Columbus has joined the New York Attorney General in a lawsuit trying to block the Trump administration from using citizenship information gained from immigrants filling out the 2020 census.
Columbus has been a welcoming magnet for immigrants from around the world, but city officials said they fear the next census count will be used to punish both immigrants and the city.
Somali immigrant, business owner and American citizen Mohamud Jama said he applauds the city fighting back against the unwelcome use of the census data.
“If there is someone that is undocumented in the family and they receive a census and it asks what their citizenship is that will instill fear in them, and they won’t respond,” Jama said.
He believes the Somali community in Columbus could be between 80 to 100,000 people, and they too would like to know the actual number living here.
“We would love to know. That situation that we are all interested, but the citizenship question is the one we worry about,” said Jama.
Ramona Reyes said she helped gather census data in the Latino community during the 2010 census.
“We worked with many of the Latino leaders and other leaders here in the Columbus community, so building that trust we want to make sure that doesn’t change,” Reyes said. She is the Director of Our Lady of Guadalupe Center. She said a large number of immigrants depend on centers like hers and they do not track citizenship data when serving their needs.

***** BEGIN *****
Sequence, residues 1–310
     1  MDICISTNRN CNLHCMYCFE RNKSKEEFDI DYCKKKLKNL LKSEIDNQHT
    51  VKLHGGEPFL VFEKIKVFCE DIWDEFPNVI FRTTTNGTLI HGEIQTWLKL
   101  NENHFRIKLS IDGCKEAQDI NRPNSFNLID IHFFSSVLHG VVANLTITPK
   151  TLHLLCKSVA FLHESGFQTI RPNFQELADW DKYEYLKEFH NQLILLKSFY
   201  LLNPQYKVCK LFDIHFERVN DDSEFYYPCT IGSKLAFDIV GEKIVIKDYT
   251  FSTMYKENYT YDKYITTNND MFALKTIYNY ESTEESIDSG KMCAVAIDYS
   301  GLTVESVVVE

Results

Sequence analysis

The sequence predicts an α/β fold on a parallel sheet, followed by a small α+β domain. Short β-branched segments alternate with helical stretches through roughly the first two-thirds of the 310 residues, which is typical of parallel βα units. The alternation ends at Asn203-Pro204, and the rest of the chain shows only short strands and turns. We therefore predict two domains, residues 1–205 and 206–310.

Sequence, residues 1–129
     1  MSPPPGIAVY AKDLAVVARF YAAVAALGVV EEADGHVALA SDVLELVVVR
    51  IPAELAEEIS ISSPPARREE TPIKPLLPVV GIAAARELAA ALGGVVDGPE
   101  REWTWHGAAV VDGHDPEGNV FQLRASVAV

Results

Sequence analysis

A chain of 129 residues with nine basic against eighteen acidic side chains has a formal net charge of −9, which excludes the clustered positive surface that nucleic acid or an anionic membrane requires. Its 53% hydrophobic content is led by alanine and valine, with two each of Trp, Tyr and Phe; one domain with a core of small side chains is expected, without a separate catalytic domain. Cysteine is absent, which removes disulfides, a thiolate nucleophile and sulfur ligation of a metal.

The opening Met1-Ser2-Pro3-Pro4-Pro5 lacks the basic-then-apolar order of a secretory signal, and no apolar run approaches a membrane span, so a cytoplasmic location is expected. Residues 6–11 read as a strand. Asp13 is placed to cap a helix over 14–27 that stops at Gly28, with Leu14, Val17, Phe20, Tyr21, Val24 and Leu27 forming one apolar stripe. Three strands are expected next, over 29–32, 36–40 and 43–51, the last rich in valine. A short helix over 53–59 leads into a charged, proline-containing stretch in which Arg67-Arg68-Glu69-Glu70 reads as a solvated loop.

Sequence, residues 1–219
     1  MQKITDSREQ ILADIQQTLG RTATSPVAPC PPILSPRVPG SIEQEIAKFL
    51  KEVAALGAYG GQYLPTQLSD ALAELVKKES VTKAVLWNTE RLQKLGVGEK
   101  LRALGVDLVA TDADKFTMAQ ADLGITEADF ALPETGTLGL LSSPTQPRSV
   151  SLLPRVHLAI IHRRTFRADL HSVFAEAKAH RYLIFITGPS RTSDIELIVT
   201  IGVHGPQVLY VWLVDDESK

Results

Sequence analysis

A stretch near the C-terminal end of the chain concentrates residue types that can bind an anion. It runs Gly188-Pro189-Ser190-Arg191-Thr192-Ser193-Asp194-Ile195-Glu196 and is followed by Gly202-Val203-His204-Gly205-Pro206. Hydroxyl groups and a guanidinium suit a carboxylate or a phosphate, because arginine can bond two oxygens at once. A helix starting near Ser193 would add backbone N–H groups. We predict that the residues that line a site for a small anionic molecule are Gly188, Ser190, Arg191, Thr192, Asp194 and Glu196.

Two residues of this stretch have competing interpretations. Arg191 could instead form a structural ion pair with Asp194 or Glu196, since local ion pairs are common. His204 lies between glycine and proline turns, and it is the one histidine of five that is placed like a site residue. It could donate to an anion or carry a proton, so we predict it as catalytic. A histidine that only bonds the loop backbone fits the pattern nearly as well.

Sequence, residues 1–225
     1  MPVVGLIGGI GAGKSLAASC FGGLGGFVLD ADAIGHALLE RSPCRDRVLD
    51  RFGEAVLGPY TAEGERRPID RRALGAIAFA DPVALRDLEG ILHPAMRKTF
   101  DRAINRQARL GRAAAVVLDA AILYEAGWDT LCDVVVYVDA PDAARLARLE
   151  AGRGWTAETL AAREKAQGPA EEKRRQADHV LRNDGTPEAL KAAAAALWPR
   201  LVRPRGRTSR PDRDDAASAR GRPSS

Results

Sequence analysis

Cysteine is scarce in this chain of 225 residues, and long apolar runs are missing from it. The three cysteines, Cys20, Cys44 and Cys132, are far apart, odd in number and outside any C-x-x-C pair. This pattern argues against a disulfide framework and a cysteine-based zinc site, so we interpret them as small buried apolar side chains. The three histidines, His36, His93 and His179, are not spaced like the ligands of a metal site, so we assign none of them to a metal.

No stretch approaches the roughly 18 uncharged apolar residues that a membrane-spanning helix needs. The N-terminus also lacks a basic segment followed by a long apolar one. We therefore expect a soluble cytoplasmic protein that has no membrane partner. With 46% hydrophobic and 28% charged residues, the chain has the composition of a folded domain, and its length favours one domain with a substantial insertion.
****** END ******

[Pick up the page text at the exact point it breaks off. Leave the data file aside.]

Columbus City Attorney Zach Klein announced the lawsuit at the Economic And Community Development Institute (ECDI) Business Innovation Center, a test kitchen for new business models. He said every president since the 80s have agreed that adding a citizenship question depresses results in the census count.
“That is troublesome because Columbus has a lot to lose when it comes to our financial ability to receive federal grants to fund important services in our community.”
Klein explained that part of the rationale for Columbus joining the lawsuit was the decades of bipartisan recognition that the federal government demanding citizenship information would lead to greatly depressed census participation in communities with large immigrant populations, potentially threatening critical federal funds and fair representation in Congress and the Electoral College.
Klein said Columbus has $100 million dollars’ worth of federal funding tied to the census numbers.